2. Days of Heaven
Malick’s next foray, Davs of Heaven, also differs and capture a part of the American experience that many other films were heretofore incapable of capturing. This film however, is more an examination of what causes us to be mortal and sinful creatures.
It follows Linda (Linda Manz) and Bill (Richard Gere), as they gain and lose paradise because of Bill’s selfish and sinful desires. A film so unlike Malick’s others in form and setting, Days of Heaven received many awards, including Best Director from the 1979 Cannes film festival.
What is this film about? Days of Heaven features a Garden of Eden which is lost by the characters of the film. (If you think through all of his others, you’ll see this is true of them, too.)
In Days of Heaven, paradise is lost with an actual biblical plague, as locusts overrun the farm and destroy everything. It is not, as Linda retells, that everything “go[es] up in big flames”, but rather depicts a metaphorical fall from a state of grace using both locusts and an actual fire of the homestead.
The film’s characters are left asking what went wrong and what they did to cause disaster. While hindsight is said to be 20/20, it’s hard to say exactly how they caused their fall from grace. All that can be said is that they are now beings in the world, which must face the facts that they and all they know will soon be brought to inexistence.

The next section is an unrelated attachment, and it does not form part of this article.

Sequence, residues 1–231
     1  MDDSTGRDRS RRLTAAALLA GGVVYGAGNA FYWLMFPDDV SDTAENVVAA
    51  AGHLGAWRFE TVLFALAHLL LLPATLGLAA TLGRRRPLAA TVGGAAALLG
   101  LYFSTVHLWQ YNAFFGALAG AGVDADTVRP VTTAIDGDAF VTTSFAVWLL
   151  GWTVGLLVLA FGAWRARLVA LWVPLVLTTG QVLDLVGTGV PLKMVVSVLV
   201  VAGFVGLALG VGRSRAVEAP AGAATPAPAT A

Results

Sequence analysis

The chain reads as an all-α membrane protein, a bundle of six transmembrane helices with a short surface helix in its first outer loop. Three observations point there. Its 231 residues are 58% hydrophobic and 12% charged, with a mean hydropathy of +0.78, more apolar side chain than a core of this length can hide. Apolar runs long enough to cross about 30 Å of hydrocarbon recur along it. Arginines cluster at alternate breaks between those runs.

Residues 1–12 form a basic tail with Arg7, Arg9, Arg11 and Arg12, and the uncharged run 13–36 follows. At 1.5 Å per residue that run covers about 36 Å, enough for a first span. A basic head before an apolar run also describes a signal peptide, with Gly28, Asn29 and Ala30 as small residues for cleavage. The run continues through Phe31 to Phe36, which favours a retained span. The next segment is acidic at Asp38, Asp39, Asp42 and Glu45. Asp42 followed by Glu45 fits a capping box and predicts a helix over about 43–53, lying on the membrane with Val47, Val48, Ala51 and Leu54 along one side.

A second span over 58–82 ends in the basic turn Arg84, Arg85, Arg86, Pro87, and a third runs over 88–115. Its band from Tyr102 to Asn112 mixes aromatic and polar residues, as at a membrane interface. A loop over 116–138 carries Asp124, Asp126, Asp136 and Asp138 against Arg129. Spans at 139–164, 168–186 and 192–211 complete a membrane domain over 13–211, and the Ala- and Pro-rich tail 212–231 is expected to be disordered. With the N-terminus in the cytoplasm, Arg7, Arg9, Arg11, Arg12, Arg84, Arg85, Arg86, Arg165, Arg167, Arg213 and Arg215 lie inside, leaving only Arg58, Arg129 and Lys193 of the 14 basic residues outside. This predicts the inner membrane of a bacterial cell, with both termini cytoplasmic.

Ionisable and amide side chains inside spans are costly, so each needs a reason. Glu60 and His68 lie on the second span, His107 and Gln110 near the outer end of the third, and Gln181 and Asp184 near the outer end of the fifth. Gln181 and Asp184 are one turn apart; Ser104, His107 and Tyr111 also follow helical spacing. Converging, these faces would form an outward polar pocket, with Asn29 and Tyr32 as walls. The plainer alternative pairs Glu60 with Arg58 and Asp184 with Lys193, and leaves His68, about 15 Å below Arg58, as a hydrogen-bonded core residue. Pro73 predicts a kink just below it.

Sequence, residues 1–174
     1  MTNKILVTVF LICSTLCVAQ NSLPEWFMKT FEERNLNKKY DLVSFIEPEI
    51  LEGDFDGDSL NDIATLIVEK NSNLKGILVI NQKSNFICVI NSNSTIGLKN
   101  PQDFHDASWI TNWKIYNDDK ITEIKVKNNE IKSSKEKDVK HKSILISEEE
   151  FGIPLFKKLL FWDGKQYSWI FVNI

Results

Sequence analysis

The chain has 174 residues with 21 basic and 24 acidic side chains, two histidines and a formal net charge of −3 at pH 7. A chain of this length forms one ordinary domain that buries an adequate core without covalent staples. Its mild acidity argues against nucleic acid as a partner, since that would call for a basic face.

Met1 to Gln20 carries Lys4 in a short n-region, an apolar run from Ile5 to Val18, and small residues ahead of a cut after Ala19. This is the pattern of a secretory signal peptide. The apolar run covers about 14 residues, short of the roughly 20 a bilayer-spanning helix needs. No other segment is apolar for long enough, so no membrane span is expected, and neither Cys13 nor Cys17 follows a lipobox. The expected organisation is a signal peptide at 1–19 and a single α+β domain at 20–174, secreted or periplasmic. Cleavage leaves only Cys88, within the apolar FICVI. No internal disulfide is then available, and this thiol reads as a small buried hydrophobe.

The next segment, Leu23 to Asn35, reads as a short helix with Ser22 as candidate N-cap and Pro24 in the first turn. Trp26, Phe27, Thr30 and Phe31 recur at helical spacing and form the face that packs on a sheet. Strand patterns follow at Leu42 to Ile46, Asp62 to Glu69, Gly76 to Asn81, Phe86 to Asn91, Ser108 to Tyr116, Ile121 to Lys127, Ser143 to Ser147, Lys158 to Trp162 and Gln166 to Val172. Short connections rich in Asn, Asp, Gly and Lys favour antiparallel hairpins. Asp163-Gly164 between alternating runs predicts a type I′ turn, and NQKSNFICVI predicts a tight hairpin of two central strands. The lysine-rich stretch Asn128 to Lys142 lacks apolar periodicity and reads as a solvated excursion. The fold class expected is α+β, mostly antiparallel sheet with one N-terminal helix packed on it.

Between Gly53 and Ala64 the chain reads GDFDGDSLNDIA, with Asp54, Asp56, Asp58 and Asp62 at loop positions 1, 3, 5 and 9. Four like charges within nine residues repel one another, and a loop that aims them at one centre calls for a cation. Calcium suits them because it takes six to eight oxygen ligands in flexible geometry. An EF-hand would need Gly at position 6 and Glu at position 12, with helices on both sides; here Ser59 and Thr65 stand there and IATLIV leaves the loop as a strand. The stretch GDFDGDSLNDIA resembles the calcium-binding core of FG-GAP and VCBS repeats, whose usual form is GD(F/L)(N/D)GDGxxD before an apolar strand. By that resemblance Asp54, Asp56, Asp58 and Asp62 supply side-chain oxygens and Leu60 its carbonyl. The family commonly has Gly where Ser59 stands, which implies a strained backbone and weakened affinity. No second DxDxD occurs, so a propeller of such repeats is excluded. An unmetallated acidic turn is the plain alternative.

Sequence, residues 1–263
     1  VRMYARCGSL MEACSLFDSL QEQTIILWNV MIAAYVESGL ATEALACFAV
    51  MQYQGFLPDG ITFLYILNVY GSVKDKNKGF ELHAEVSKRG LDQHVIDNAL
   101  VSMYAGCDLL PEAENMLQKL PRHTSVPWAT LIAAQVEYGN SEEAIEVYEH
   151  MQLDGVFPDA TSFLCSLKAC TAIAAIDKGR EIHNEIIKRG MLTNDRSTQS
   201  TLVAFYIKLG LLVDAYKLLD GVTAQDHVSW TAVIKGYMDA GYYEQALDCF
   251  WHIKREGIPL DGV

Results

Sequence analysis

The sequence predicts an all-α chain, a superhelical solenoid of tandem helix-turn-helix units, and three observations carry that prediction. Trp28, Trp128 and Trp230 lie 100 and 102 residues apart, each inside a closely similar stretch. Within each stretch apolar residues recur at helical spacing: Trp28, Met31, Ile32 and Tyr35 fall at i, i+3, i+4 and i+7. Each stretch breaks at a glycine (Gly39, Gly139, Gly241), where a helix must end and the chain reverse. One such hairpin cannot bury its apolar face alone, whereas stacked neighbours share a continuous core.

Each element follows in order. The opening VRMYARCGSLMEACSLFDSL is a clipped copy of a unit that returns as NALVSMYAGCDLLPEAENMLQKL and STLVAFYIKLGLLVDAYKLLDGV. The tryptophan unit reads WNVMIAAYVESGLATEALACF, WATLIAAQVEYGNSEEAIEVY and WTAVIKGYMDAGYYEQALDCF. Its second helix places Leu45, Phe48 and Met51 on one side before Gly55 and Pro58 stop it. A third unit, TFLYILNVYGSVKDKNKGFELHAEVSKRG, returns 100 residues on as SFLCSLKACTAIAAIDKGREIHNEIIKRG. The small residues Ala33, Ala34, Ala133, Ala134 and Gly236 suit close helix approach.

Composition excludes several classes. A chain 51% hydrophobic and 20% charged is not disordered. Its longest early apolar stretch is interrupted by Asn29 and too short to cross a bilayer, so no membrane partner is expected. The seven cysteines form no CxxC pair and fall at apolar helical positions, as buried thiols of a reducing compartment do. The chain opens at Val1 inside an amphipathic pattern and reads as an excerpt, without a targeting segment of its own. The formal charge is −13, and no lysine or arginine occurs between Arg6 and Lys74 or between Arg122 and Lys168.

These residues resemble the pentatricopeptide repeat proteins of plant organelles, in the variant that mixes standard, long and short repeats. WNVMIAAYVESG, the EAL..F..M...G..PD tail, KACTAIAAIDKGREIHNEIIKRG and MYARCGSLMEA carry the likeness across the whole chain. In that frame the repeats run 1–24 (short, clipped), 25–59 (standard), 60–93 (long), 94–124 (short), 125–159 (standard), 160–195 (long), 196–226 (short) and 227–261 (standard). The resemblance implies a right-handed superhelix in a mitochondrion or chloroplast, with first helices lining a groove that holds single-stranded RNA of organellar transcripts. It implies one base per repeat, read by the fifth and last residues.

3. The Thin Red Line
After a long hiatus (20 years to be exact) Malick released his next film, The Thin Red Line, featuring as star-studded a cast as imaginable and during a ripe time for WWII films.
Public reception was poor at best because, not only was it advertised and released at the same time as the action-packed Saving Private Ryan, Malick made a war film that was not about war.
Moreover, despite “featuring” several major stars, the film’s release left almost all footage of them on the cutting table, cutting Sean Penn down to a minor role, George Clooney down to less than a minute, and the Billy Bob Thornton 4 hour narration completely out of the film.
Not only was this a nice way to stick it to Hollywood, but it also turned out to be a wonderful aesthetic choice, allowing Malick to make his points with a poesis of film and dialog from the remaining cast.
What is the film about? Like his other films, The Thin Red Line is fairly easy to understand, if you pay attention to the right parts. As Private Witt (Jim Caviezel) says of his dying mother:
I remember my mother when she was dyin’, looked all shrunk up and gray. I asked her if she was afraid. She just shook her head. I was afraid to touch the death I seen in her. I couldn’t find nothin’ beautiful or uplifting about her goin’ back to God. I heard of people talk about immortality, but I ain’t seen it. I wondered how it’d be like when I died, what it’d be like to know this breath now was the last one you was ever gonna draw. I just hope I can meet it the same way she did, with the same… calm. ‘Cause that’s where it’s hidden – the immortality I hadn’t seen.
In other words, The Thin Red Line is about facing an existential threat and meeting it with a calm. It’s about knowing that when this life ends all will be okay, as long as you’ve lived this life in the right way. It’s about ceasing to struggle to make some mark on this world and rather striving to do some good in it, not for oneself but for others.
This need not manifest itself in some truly Christ-like sacrifice as Malick presents, but it must include a selfless approach to existence, one that recognizes others and puts them first. Nature isn’t this at all, but for Malick, Grace is.